Recently, researchers at the Department of Energy’s Pacific Northwest National Laboratory teamed up to find out if deep learning—a distinct subset of machine learning—can do a better job at identifying clouds in lidar data than the current physics-based algorithms. The answer: A clear “yes.” The new model is much closer to the answers scientists arrive at but in just a fraction of the time.
Lidar is a remote sensing instrument that emits a pulsed laser and collects the return signal scattered back by cloud droplets or aerosols. This return signal provides information about the height and vertical structure of atmospheric features, such as clouds or smoke layers. Such data from ground-based lidars are an important part of global forecasting.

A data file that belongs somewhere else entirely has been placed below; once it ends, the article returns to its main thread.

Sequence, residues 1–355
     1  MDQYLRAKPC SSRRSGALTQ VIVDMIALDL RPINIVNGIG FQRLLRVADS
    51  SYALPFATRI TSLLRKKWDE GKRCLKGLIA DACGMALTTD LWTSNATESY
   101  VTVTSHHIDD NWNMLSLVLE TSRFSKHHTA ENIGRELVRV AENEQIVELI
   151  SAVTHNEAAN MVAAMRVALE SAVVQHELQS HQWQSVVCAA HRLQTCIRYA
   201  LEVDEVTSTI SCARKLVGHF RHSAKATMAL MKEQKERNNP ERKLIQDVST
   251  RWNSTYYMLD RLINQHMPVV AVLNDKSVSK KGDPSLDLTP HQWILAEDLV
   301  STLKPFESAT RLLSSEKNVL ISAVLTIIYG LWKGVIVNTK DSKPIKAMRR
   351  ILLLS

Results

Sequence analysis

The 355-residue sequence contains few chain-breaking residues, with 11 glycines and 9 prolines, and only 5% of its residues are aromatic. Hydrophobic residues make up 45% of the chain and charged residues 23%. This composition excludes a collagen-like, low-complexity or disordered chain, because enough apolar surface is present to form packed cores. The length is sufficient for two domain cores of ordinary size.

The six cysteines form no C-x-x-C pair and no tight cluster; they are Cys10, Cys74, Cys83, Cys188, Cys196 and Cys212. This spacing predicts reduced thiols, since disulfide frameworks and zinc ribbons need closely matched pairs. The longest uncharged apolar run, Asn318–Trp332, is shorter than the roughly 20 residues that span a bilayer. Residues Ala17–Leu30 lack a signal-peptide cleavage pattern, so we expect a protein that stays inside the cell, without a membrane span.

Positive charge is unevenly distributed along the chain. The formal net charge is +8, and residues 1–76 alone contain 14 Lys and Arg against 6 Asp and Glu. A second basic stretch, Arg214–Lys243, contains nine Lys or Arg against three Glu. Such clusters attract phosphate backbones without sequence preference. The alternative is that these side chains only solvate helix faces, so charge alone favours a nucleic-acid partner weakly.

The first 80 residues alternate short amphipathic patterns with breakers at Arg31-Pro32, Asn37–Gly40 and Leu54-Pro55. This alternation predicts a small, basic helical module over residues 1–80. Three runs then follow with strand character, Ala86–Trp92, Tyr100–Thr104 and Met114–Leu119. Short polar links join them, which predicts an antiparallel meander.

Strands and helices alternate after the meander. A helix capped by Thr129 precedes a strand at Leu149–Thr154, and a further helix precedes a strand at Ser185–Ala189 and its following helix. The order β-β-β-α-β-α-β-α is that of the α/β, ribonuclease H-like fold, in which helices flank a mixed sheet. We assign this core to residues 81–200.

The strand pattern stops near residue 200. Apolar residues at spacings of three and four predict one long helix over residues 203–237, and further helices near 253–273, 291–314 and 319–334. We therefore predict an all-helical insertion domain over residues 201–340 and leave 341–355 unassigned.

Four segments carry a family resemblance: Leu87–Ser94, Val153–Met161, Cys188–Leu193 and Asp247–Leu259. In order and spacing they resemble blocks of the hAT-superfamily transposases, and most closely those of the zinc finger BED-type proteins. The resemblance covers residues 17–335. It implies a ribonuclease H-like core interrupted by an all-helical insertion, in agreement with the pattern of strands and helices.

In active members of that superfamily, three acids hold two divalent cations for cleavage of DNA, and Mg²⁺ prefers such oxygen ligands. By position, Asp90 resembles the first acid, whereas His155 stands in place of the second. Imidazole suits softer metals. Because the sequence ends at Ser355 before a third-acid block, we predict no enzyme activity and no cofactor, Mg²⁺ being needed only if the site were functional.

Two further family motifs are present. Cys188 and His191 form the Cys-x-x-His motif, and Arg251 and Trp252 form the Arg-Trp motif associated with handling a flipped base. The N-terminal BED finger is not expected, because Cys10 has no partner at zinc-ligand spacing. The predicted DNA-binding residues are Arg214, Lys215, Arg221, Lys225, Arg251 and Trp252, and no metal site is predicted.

Earth scientist Donna Flynn noticed that, in some cases, what the algorithms detected as clouds in the lidar images did not match well with what her expert eye saw. The algorithms tend to overestimate the cloud boundaries.
“The current algorithm identifies the clouds using broad brushstrokes,” says Flynn, a co-principal investigator on the project. “We need to more accurately determine the cloud’s true top and base and to distinguish multiple cloud layers.”